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4 Unique Challenges That Military Kids Face

Military Child | Kids Car Donations

April—The Month of the Military Child: 4 Unique Challenges that Military Kids Face

One of the things that many of us Americans do in April is to show our deep appreciation for the military children who have to deal with their separated families through periods of deployment, frequent moves, or parents who suffered serious combat-related injuries such as Post-Traumatic Stress Disorder (PTSD). It’s important to recognize and acknowledge that compared to other children, kids who have a military parent bear the painful repercussions of being born into a family that makes huge sacrifices for the sake of our nation.

 

What Military Children Have to Go Through

Anyone who grew up in a military family had to adjust and adapt to various changes that are far from being easy. In time for the annual observance of the Month of the Military Child this April, we at Kids Car Donations are here to provide you a deeper understanding of the 4 unique challenges that military kids face:

1. Separations Through Deployment Periods

Did you know that on the average, deployments cause kids to be separated from their parents for 9-12 months? Sometimes, they last for around a month when military servicemen and women travel for military-related educational programs and training.

When long separations between children and their parents happen, every member of the family experiences a mix of complex emotions. For instance, when a parent leaves, the children feel two emotions at the same time: separation anxiety and a sense of pride for the service member.

Every child has a different response to family separations. For example, one child may experience chronic sadness or depression because they miss their deployed parent. Another may struggle with anger, while still another child may struggle with constant worry and fear for the safety of their parent. In some cases, younger children may experience regression such as temporary back-track of previously acquired developmental milestones such as talking in sentences or using the potty.

2. Shifts of Roles and Responsibilities

Military children tend to do certain tasks and responsibilities that their parent delegated to them before they were deployed. Older children often do household chores on top of looking after their younger siblings.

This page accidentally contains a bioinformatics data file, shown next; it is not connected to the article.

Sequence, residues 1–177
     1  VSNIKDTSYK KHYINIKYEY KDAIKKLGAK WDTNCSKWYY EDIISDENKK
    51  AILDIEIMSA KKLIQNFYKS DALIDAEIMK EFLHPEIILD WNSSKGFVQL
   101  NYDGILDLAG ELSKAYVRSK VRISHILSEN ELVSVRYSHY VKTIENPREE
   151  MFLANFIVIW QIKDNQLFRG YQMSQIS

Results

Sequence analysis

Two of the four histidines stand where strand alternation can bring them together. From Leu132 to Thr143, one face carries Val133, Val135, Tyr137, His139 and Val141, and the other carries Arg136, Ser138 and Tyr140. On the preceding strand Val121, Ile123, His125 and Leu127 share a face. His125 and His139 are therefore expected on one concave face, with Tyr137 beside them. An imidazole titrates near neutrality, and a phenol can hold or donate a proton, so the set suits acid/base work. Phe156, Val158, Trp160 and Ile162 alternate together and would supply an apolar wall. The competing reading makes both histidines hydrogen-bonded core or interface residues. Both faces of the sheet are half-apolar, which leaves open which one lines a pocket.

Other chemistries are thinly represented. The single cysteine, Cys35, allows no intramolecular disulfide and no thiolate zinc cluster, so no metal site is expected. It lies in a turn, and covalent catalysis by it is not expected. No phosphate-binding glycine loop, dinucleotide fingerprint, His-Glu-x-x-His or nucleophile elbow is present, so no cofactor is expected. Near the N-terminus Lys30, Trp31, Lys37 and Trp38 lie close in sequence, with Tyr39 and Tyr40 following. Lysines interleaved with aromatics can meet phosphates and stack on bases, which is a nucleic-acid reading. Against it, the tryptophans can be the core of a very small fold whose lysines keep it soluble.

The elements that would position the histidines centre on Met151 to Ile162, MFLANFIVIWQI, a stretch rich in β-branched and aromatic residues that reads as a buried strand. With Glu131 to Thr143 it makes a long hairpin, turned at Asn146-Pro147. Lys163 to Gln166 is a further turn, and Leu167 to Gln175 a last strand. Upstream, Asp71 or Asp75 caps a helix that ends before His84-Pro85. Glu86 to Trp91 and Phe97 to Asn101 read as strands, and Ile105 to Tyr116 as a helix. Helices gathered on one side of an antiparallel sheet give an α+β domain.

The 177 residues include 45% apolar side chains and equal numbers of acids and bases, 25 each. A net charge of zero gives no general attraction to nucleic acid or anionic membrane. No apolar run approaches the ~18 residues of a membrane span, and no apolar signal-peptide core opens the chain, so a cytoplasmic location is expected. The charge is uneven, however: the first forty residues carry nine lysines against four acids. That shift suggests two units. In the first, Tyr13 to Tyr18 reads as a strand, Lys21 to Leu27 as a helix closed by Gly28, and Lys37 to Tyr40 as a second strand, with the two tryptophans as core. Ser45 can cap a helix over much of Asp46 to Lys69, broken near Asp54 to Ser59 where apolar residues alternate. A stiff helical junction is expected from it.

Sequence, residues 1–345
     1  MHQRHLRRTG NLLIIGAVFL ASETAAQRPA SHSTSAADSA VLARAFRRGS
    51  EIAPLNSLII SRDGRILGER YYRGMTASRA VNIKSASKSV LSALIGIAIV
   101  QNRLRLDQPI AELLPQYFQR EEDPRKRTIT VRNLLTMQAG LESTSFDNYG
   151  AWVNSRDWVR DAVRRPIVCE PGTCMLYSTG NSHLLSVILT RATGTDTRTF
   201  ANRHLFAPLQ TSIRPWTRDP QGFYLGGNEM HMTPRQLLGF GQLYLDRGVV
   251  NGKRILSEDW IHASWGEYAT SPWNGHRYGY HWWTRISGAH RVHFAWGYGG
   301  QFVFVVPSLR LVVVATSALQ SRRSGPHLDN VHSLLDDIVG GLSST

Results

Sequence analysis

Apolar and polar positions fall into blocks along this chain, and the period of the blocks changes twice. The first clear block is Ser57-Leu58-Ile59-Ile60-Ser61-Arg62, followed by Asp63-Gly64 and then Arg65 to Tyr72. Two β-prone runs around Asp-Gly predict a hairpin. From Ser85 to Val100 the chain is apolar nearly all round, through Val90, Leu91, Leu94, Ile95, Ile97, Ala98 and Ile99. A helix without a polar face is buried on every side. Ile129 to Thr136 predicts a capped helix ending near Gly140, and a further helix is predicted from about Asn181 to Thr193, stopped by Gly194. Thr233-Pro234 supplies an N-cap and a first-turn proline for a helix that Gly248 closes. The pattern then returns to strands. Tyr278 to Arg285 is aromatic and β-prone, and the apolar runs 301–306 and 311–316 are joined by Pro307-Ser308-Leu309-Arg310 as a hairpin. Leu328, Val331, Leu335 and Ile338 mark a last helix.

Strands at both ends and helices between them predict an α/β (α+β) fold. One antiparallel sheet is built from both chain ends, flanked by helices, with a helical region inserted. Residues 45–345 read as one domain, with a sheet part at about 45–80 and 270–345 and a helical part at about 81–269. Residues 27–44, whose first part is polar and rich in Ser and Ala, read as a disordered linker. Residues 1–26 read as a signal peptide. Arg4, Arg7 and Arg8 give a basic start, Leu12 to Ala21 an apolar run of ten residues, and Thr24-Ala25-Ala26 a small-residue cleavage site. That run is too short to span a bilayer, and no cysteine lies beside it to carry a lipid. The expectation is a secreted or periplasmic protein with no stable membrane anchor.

Taking additional responsibility can be extremely stressful and overwhelming for children who are still in the process of learning about how to be responsible for certain tasks. Anxiety, resentment, and undue pressure are often experienced by a child who handles shifts in responsibilities that are not developmentally expected of them.

3. Frequent Moves

People who’ve experienced moving from one place to another know how stressful it is to go through the process. However, for military kids, moving isn’t a one-time event because military families move a lot.

Imagine the numerous transitions that they face each time it happens—moving to a new school, meeting new friends, teachers, classmates, neighbors, joining new sports teams, and whatnot. None of these is a walk in the park. In most cases, frequent moving can take its toll on their self-esteem because they have to work extra hard to adjust and adapt to their new surroundings. More often than not, many of them fall prey to social isolation.

4. Grief and Loss

When military families move, the kids leave behind their best buddies, their favorite teachers, the baseball coach that they look up to, and more. In case you’re not aware, kids are naturally primed to grow strong attachments to people and places because they seek comfort and safety.

This sense of grief and loss may also be experienced when a parent comes home with severe physical and mental problems since they won’t be able to do some or most of the activities that they loved to do together before their deployment.

Little Boy with Sailors | Kids Car Donations

Help a Child Today

If you know of a child who is being confronted by the challenges posed by having parents in the military, you can do something to help this child. For instance, you can talk to a therapist who can help the child’s family deal with certain issues.

This April, the Month of the Military Child, we can also put the spotlight on the needy kids in our community who face physical, mental, and emotional challenges. Let’s try our best to create a stable home for them where they could thrive.

If you want to do something really awesome for the struggling children and teens in your local community, you can donate a vehicle to Kids Car Donations and get a top tax deduction as well as free pick up and towing services in all 50 states.

We will auction off your donated vehicle and use the proceeds from the sale to provide funding for critical programs that provide our young beneficiaries with free medical treatment, free educational and social service resources, emotional well-being projects, and essential quality of life programs.

For more information, check out our FAQs page. For inquiries, you may call us at 866-634-8395 or send us a message online.

You can make your car donation by filling out our secure online donation form here or calling us directly. We accept donations of almost all types of vehicles.

 

Save and Transform Young Lives with Your Car Donation!

This April as we observe the Month of the Military Child, why not do something meaningful for the sick and disadvantaged children in your community? Call us at 866-634-8395 and help save and transform their lives with your car donation!